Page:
L. David Roper (email@example.com)
For reasons to switch from Windows to Lindows/Linux: Comparison of Linux and Windows
With the availability of the LindowsMobilePC notebook computer from http://www.idot.com at a low price and the support of Win4Lin (http://www.win4lin.com) for Lindows, one can set up a very slick Linux computer to carry around as one does genealogy in different locations. The version of Lindows on my iDOT notebook is 3.1.151.
I set up Lindows with 4 desktops named Int, Lin, SETI, W98. I enable the desktops pager on the panel (right-click on panel, choose Applet-Pager), so that one can easily switch between the desktops. (I keep SETI@home [http://setiathome.ssl.berkeley.edu] running all the time, except when I am doing computing-intensive calculations, on the SETI desktop.) When doing Internet tasks I use the Int desktop. The Lin desktop is for managing Lindows and running Linux programs. The W98 desktop is for Win4Lin/Win98 for running genealogy programs for which there are no Linux versions.
Lindows, by means of Click-N-Run, has programs one needs to do tasks for most purposes. So I only consider the special needs for genealogy.
The main program that one needs is a genealogy program for storing, manipulating and reporting data. One wants a Graphical User Interface (GUI) program. The only one I know about for Linux is GRAMPS (http://gramps.sourceforge.net). I have a Lindows Hints, Tips and Tricks entry about how to install GRAMPS on Lindows. I have not used GRAMPS yet. At first glance it seems much slower than Personal Ancestral File (PAF) for entering data, since it does not have the extensive keyboard shortcuts that PAF has. I was able to load a small gedcom file into GRAMPS, but it froze about halfway through when I tried to load a gedcom file with over 200,000 names in it.
I wish that Personal Ancestral File (PAF), my favorite genealogy program, were available for Linux. Since PAF isn't available for Linux, I need Windows to use it. (Conversion of PAF to Linux would cause it to dominate genealogy on Linux.) You can download PAF 5.0 for Windows free.
I often use the DOS program City/County Finder II (http://www.coxsoftware.com/ccfinder.htm): "It will help you find the location of any stored city/town/community (populated place), county, or geographic location in the United States. It can also search for all cities in a given county, all counties in a given state, and do a proximity search listing all other cities within X miles (from 2 to 99) of a designated city or set of coordinates. Searches can be based on complete names, 'sounds like' names, or partial names." So I need Windows to use this program.
One can run Windows 98 ($95: http://simplest-shop.com/software/search/windows+98+used/page/2) in Lindows through the Win4Lin 4.0 program ($90/$100 download/delivery from http://www.netraverse.com). So, for about $200 you can add Windows 98 functionality to Lindows. Windows 98 on Win4Lin runs at about the same speed as it would on the native machine, but rebooting is much faster on Win4Lin.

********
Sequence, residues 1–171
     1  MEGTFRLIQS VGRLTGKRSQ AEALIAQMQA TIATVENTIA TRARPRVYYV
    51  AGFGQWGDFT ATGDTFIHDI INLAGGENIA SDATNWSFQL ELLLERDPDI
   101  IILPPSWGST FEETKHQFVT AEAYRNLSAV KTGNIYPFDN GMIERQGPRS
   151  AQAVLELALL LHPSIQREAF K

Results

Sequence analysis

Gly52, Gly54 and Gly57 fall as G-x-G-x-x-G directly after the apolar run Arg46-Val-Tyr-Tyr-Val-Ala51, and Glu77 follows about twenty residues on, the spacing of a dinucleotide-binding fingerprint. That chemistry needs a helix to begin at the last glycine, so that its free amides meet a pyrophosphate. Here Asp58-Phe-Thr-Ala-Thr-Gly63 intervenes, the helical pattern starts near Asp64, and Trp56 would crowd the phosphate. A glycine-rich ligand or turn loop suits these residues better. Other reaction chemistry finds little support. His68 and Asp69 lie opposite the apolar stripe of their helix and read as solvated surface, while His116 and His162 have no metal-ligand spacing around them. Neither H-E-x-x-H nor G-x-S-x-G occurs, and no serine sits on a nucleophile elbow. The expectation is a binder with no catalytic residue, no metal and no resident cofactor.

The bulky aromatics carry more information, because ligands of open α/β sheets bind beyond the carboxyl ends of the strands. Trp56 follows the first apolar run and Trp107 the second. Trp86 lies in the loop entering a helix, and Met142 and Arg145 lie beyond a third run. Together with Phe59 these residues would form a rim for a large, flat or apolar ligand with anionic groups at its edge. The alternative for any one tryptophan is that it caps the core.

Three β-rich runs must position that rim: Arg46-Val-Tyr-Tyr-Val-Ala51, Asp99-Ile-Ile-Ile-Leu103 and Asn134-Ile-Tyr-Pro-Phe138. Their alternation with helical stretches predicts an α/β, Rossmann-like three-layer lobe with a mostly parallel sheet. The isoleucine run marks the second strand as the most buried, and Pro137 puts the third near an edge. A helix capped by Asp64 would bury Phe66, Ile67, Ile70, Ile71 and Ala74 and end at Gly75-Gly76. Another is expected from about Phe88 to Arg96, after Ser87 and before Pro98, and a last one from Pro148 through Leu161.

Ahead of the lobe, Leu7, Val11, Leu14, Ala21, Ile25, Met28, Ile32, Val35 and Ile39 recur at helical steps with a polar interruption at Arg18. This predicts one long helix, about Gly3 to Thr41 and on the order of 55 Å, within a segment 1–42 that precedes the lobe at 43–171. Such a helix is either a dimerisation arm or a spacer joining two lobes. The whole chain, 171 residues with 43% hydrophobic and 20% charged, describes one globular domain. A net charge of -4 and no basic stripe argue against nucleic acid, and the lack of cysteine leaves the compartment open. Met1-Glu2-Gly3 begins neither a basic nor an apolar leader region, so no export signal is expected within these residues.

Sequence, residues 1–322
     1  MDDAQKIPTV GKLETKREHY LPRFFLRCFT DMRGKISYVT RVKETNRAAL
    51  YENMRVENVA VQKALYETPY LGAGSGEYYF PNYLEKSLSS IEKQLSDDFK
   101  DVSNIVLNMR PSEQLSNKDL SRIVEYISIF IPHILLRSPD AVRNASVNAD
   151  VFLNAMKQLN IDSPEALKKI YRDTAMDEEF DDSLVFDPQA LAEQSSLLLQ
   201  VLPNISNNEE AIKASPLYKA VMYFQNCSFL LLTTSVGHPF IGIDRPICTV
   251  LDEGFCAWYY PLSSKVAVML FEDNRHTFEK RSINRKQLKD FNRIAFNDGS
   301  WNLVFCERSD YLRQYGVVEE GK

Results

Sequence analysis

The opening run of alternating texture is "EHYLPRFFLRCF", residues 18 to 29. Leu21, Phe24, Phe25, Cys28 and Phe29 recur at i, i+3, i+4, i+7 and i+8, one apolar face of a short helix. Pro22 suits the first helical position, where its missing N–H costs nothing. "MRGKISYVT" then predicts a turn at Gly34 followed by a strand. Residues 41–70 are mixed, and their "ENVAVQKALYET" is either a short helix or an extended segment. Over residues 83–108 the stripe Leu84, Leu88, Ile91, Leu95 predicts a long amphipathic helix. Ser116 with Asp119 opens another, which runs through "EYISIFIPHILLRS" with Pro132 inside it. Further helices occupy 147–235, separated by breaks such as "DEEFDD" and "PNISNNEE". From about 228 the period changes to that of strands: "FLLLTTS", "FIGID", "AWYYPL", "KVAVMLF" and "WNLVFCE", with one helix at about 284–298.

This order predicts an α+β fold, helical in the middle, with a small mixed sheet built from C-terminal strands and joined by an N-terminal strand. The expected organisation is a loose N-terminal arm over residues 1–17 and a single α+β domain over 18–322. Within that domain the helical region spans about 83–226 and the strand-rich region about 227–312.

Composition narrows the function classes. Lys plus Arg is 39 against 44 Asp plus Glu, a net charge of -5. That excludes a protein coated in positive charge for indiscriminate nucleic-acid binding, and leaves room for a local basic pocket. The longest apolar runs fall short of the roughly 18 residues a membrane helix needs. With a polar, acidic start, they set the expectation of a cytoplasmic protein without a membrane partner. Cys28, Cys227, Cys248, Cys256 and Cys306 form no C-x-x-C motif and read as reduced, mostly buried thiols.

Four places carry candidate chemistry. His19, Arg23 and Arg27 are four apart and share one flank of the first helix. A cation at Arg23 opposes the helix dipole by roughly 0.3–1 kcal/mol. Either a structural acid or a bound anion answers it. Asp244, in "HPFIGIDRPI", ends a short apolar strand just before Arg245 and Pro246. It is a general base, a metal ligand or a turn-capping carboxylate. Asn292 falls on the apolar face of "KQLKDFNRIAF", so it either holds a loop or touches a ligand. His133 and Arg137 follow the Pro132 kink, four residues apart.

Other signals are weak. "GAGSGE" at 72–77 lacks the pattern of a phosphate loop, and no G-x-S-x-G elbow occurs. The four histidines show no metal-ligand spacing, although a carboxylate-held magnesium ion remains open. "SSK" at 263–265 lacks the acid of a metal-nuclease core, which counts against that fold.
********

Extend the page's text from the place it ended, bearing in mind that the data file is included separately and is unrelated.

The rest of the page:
Lin4Win is very easy to install. You must first have Lindows set up so that it can connect to the Internet. (I had to use static network settings to connect Lindows 3.1.151 to my peer-to-peer LAN on the ZyXEL Prestige 900 cable-network box.) Then run the win4lin-install program on the Win4Lin CD-ROM and choose to register and download all updates and the compatible Win4Lin kernel for your Lindows version. (If you do not have the Win4Lin license file, /var/win4lin/install/license.lic, from a previous install, you must choose to register Win4Lin every time you install Win4Lin or the install program will not recognize that you have the Win4Lin kernel replacement.) The Win4Lin kernel will then be the first (default) option on the boot screen, followed by the normal kernel. (If you want the original kernel to be the default boot option you can change the default boot by editing the /etc/lilo.conf file and then running the lilo command in a terminal session.) After Win4Lin is installed it will automatically take you to installation of Win98.
NeTraverse has excellent user support, at no charge to licensed users
The iDOT notebook has no internal floppy or CD-ROM, so you need to use an external one, say on a network or connected to one of its USB ports or its IEEE1394 port. (I had to use static network settings to connect Lindows 3.1.151 to my peer-to-peer LAN on the ZyXEL Prestige 900 cable-network box.)
Once Lindows is installed, the Lindows Start menu has a NeTraverse option where you can start Win4Lin or run setup for it. Or you can start it with the Run dialog (Start-Run or right-click on desktop) or in a terminal session with the command win & or fwin & for full-screen mode.
You can download a pdf Win4Lin manual.
I find it convenient to have MS Streets and Trips and MS World Atlas in Win4Lin/Win98 on the notebook to locate places when doing genealogy.
Use static IP with a different IP address number than Lindows has for connection to the LAN in W98. When done properly one can see computers on the LAN and the Lindows side of the machine.
Some difficulties I have not yet resolved:
If anyone knows the solutions to these difficulties, I would appreciate hearing about them.
I should mention that the iDOT Lindows notebook has in internal Ethernet and modem, but the modem does not yet work with Lindows 3.1.151 .
Everything said above about using the iDOT Lindows notebook as a genealogy machine also applies to any Lindows desktop machine. Also, it applies to any other special purpose for which one could use a notebook computer.